Recent attempts by the Student Activities Funding Committee (SAFC) to bring the Bowdoin Orient to its knees have put this newspaper at a crossroads. It could fight back; it has leverage against the purse-keepers, and might win in a showdown.

Or, the Orient could treat this crisis as an opportunity to undergo a drastic but inevitable metamorphosis.

Let me explain. Last week's editorial, which laid out the newspaper's troubles at the hands of an exceptionally stingy SAFC, glossed over an important budgetary detail: the Orient pays its staff. This perennial point of contention between the Orient and the funding committee is hardly marginal. Indeed, it appears to lie at the center of the present conflict.

The Orient began paying weekly stipends to staffers years ago. The editors determined that doing so creates incentives to do good work and inspires a sense of obligation in a perpetually distracted staff. Since then, the Orient has spent roughly $20,000 per year on payroll.

Awkwardly, this is almost exactly the amount it has requested—and until recently, received—from the SAFC. Since the funding committee chafes at the idea of putting student activities money into the pockets of Orient staffers, the editors agree to pay student journalists out of the newspaper's revenue account, which includes money from advertising and subscription sales. The SAFC account has historically paid for printing and mail distribution, plus other costs.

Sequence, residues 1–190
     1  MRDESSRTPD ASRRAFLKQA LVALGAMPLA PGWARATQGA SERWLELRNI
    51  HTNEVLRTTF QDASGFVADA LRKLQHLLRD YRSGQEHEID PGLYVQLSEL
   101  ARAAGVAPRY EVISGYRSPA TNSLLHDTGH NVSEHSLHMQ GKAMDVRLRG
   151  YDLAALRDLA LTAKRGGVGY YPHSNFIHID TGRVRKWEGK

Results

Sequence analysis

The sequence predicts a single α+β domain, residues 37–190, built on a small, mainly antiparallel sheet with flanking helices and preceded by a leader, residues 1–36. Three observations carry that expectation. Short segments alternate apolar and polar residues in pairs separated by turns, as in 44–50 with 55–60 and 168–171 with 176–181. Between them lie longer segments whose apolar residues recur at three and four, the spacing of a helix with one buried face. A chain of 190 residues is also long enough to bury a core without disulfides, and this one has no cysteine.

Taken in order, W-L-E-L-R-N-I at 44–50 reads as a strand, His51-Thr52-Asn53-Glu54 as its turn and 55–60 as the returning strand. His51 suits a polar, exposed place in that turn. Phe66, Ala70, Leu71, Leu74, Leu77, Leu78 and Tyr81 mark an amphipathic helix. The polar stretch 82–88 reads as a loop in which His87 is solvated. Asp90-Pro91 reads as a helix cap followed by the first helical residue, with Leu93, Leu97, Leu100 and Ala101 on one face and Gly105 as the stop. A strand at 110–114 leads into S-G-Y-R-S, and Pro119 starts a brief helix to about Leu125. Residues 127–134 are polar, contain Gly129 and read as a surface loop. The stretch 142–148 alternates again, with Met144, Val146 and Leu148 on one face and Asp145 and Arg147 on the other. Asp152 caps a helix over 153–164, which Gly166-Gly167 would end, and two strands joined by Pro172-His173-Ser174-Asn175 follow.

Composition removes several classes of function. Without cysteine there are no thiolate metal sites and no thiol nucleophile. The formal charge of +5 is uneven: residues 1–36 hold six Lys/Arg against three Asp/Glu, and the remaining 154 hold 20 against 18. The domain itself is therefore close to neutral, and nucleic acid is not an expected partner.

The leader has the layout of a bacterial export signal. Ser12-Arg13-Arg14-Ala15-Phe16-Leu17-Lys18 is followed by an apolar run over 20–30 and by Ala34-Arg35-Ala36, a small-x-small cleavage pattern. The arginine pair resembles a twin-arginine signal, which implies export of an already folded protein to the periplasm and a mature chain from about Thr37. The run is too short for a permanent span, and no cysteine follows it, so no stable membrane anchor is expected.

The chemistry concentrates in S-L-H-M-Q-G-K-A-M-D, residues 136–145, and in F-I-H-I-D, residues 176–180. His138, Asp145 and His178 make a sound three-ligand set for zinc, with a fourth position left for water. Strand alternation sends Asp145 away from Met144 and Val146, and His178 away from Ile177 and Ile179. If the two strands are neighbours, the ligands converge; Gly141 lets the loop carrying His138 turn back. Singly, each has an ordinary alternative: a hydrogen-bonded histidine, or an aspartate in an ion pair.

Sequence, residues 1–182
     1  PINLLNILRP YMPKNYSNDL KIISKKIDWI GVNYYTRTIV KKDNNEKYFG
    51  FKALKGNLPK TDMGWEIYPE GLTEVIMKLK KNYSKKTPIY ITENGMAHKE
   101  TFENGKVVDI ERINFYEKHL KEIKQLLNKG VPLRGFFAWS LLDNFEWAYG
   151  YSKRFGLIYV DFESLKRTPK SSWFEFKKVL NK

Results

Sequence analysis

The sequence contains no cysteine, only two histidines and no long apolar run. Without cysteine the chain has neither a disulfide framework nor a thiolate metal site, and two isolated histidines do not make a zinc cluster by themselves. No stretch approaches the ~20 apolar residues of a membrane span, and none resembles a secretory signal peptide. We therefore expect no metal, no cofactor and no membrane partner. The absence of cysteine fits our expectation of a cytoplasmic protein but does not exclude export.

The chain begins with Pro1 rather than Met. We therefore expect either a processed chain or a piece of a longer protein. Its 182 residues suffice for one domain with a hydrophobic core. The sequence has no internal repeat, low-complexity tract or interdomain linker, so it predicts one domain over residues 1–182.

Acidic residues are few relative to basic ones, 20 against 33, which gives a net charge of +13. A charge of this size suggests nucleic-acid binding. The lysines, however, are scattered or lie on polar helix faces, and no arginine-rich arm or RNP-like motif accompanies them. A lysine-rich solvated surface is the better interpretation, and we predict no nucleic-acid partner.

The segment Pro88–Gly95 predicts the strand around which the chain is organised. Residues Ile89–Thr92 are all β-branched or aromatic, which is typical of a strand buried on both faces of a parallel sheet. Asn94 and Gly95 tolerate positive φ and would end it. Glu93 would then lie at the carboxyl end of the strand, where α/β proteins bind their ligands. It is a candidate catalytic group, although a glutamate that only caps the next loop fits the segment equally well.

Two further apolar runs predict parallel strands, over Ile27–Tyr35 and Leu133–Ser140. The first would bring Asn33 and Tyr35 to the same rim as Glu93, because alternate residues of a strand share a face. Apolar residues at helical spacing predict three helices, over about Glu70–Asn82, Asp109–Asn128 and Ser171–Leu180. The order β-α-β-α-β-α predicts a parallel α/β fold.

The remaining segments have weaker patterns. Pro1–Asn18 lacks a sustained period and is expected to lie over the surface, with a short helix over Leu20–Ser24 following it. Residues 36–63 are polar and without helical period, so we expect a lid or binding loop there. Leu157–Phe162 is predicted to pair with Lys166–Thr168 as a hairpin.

It now appears that the funding committee is trying to strong-arm the Orient into using its revenue account to cover the bulk of printing and distribution costs, making it untenable for the editors to continue paying their staff. The SAFC has suggested that in the future it will fund only the shortfall between the paper's commercial revenue and its total operating budget. Implicitly, this will exclude stipends. The SAFC also seems to think it inappropriate for an organization to save money it earns, so it will make sure the Orient can't do that, either.

But the Orient has leverage. Staff stipends are not a luxury the College grants the newspaper; they are a luxury the newspaper grants itself. The Orient is under no obligation to pursue advertising and subscription revenue. It does so of its own accord so it can do things like save for a rainy day and invest in quality by paying staffers. Why bother busting ass to raise revenue if all that means is the SAFC will hold it against them come budgeting season? What's the point of trying to make money at all?

The Orient could threaten to simply stop selling ads and subscriptions. This would leave the SAFC solely responsible for covering the paper's costs. Staff stipends would surely end, but the amount the funding committee spends on the Orient would more than triple—from $10,000 to around $30,000. The SAFC chair either has not considered the possibility the Orient will refuse to support itself, or is daring the editors to do it.

Then again, nobody wants to play a game of chicken with student activities money, nor with the fate of the Orient. So here's an alternative: